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Entries in Hijab (7)


Saudi Arabia Feature: A Precious Moment with the Religious Police (Battuta)

A sketch pokes fun at the religious police

Being new to Riyadh, I was not accustomed to the common harassment from religious police to "cover my face". In most other cities in Saudi Arabia it's rather rare to experience a run in with the country's notorious religious police, and I never had to deal with it until moving to Riyadh.

A day prior --- with my hair fully covered by Hijab --- a frustrating argument arouse when 4 religious police followed me and insisted that I cover my face. I explained my reasonable condition, as a crowd inconveniently began to surround us: only if the four religious police would first cover their faces would I cover mine. Upset by my remark, and perhaps in attempt to appear in control of the situation in the eyes of the gathered spectators, they summoned a police officer to "escort" me out of the mall.

Frustrated by the prior day's events, I decided that day to leave my little black scarf behind at home. No scarf, no tool to cover my face.

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Iran Feature: The Week in Civil Society --- Criticising the Supreme Leader and Much More (Arseh Sevom)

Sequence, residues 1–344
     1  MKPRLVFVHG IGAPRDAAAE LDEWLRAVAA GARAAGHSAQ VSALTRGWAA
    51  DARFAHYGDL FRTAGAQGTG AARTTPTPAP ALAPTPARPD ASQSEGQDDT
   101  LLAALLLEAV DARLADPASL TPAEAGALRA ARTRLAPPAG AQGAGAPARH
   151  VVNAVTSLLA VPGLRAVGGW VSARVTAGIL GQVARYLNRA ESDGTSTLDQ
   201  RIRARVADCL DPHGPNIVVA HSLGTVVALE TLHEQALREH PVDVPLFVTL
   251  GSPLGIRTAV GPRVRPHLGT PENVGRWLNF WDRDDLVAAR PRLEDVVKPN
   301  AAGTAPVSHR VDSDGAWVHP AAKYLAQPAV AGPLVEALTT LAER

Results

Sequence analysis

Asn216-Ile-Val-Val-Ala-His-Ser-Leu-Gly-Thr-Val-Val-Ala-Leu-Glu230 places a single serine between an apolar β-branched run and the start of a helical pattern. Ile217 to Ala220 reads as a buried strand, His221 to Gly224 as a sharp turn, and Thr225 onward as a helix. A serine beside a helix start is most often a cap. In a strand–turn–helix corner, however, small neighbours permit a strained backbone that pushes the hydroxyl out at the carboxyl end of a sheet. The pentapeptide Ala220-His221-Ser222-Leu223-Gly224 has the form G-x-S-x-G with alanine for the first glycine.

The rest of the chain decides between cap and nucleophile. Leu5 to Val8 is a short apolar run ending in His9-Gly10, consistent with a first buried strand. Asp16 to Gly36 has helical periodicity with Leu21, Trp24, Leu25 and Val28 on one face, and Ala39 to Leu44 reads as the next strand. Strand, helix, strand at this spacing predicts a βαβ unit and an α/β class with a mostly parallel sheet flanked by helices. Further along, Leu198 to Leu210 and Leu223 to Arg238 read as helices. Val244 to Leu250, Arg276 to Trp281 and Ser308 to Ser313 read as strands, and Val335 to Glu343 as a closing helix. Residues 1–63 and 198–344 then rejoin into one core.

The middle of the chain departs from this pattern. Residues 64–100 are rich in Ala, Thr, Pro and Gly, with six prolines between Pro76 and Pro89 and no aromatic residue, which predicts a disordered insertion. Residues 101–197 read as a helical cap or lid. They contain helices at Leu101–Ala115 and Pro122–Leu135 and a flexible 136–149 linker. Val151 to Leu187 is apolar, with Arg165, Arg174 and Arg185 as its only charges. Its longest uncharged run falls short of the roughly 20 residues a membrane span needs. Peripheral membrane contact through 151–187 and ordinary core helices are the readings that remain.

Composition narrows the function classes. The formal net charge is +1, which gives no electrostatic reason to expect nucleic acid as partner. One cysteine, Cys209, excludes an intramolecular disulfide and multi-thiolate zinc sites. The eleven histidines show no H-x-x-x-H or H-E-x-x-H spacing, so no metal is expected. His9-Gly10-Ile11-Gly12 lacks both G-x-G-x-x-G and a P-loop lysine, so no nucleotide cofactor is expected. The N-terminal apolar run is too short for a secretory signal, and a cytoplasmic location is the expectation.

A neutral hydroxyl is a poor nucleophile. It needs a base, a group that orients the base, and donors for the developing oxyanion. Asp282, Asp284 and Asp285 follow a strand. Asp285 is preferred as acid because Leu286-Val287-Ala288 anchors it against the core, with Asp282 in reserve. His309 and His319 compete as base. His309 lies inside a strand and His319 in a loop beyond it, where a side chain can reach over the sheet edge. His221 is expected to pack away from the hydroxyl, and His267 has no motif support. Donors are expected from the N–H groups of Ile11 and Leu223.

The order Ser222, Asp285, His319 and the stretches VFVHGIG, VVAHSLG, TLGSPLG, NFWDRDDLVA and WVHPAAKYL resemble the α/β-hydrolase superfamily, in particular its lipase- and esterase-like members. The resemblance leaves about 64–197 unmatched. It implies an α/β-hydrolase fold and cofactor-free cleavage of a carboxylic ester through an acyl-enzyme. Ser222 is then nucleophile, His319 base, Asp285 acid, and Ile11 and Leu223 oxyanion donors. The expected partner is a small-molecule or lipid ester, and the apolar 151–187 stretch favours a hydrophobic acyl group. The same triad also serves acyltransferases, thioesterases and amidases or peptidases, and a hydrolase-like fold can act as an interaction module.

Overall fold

Mohammad Maleki and Nasrin SotoudehAll over the world, people who care about the fate of detained lawyerNasrin Sotoudeh breathed a collective sigh of relief as word came in that her demands had been met and that she had ended her 49-day hunger strike.

Dr. Mohammad Maleki wrote a powerful letter criticizing Iran’s Supreme Leader. The chief of the cybercrimes unit was sacked in the fallout of the investigation of the death of blogger Sattar Beheshti, and the Cyrus Cylinder travels to the US. HIV seems to be on the rise in Iran while nurses flee the country seeking better working conditions elsewhere. The UN has condemned Iran’s human rights abuses, demonstrators in Paris call attention to Iranian women who have been denied their rights, and German banks move to make transactions for humanitarian items such as medicine possible.

Forced hijab comes with instruction now, there are reports that the death sentence against web programmer Saeed Malekpour has been lifted, and Asghar Farhadi is named as one of Foreign Policy’s Global Thinkers.

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Iran Snapshot: "Bad Hijab" Woman Beats Up Cleric (Esfandiari)

Female "Morality Police" Enforcing "Good Hijab""I politely [told] her to cover herself up," said Hojatoleslam Ali Beheshti, an Iranian cleric in the city of Shamirzad in Semnan Province, describing a recent encounter with a woman he believed was improperly veiled.

"She responded to me by saying: 'You [should] close your eyes.'"

Beheshti said he repeated his warning to the “bad hijab” woman, which is a way of describing women who do not fully observe the Islamic dress code that became compulsory following the 1979 revolution.

"Not only didn’t she cover herself up, but she also insulted me. I asked her not to insult me anymore, but she started shouting and threatening me," Beheshti said. "She pushed me and I fell to the ground on my back. From that point on, I don’t know what happened. I was just feeling the kicks of the woman who was beating me up and insulting me."